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Local governments inflated China’s GDP by $900 billion last year—and that’s not going to stop soon

A man rests in a truck next to a steel factory in Beijing April 1, 2013. Stronger domestic demand helped China's factory activity to rebound in March, with new orders up sharply in a sign that the underlying economic recovery is strong enough to weather any risks from patchy export performance, surveys showed on Monday. REUTERS/Kim Kyung-Hoon
REUTERS/Kim Kyung-Hoon
He’s producing a lot more on paper.
By Gwynn Guilford
BeijingPublished Last updated This article is more than 2 years old.

Chinese president Xi Jinping recently said that the government would stop tying promotions of local government officials to GDP performance alone. This is important because local leaders under pressure to produce high economic output are much more prone to spending wastefully and in ways that harm the environment.

Although this was hailed as a big breakthrough when Xi made the pronouncement, the last government made similar promises. Here’s a look at how effective those were:

Local governments reported a combined $9.4 trillion in economic output in 2012—11.1% higher than the central government’s final GDP calculation. And their noses have only gotten longer in recent years. Back in 2009, local government GDP inflation was only 8.0% higher than the $5.5 trillion the central government reported.

This isn’t just bureaucratic farce (though it is that too). Layers of inflated economic growth from the local level could be understating how sharp China’s slowdown actually is. National Business Daily reports that when the National Bureau of Statistics began doing spot-checks on industrial companies in Zhongshan, a city in Guangdong, it found that the local government reported a combined 85 billion yuan in output for 71 of its companies, just a bit higher than the 2.2 billion yuan they actually generated (link in Chinese). It’s hard to believe the central government statisticians would be able to filter out such an extreme degree of exaggeration when totting up their own GDP calculations. Distortions like that could be misleading central government economic planners, and as the recent interbank loan spikes hinted, that can lead to big policy missteps.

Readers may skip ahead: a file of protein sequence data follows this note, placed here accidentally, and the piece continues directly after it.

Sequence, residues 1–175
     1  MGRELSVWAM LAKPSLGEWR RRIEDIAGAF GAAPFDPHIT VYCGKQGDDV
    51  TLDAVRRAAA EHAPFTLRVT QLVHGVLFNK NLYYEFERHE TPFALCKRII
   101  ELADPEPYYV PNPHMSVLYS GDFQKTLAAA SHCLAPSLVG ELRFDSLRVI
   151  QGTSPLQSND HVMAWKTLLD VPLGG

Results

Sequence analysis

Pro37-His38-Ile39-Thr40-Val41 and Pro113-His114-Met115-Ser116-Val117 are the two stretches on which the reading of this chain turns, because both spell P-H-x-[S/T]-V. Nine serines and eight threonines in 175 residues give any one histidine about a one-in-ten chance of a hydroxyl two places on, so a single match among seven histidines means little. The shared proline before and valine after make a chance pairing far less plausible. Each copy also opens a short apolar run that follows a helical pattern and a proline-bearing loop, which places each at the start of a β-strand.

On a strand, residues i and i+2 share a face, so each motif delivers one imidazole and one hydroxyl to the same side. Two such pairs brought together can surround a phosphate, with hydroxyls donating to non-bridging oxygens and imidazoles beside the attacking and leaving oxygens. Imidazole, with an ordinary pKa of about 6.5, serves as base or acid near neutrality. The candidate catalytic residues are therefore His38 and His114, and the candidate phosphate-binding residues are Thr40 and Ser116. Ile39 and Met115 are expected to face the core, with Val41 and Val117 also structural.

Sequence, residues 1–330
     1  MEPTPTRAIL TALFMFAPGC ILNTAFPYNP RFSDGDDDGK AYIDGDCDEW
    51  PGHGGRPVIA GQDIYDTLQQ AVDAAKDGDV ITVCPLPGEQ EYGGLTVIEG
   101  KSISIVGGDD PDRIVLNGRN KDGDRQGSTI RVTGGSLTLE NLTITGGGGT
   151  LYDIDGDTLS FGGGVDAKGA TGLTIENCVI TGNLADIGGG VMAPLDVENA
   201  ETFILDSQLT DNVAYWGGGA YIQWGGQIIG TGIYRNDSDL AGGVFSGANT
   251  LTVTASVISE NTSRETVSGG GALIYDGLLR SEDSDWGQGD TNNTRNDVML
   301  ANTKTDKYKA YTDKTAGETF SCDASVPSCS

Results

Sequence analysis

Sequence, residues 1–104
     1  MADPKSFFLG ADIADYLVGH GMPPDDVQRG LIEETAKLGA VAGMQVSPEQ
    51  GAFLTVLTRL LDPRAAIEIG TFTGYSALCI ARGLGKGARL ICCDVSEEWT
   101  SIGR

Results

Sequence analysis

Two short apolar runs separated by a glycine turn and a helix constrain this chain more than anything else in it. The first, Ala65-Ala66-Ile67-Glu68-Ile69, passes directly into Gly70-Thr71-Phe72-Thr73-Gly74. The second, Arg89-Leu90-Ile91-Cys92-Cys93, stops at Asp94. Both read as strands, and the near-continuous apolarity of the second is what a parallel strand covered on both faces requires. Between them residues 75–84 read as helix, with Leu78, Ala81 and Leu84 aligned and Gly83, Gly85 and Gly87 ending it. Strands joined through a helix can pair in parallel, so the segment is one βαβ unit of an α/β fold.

All things considered, though, inflating data is probably the least harmful outcomes of the Chinese Communist Party’s emphasis on GDP performance. In fact, it’s a lot better than relying on credit to stimulate the economy.

Unfortunately, just because Xi hints it’s safe for local officials to come clean about lousy economic output doesn’t mean they will—or that they’ll cut back on their credit habit.

Many poorer provinces don’t have a lot of options at their disposal. Particularly in the central provinces, foreign investment and domestic consumption simply aren’t enough to buoy growth (link in Chinese). As a provincial deputy governor told NBD about the need for local government to keep investing, “The central government sets the target at 7-8%, and since we’re not a province with a strong economy, our target has to exceed 10%. And with the not-so-great economic situation, surpassing that target is now more urgent.”

Even if the central government catches all that fibbing, it’s counting the credit-bingeing. That’s a good thing to keep in mind on July 15, when China announces its Q2 GDP.

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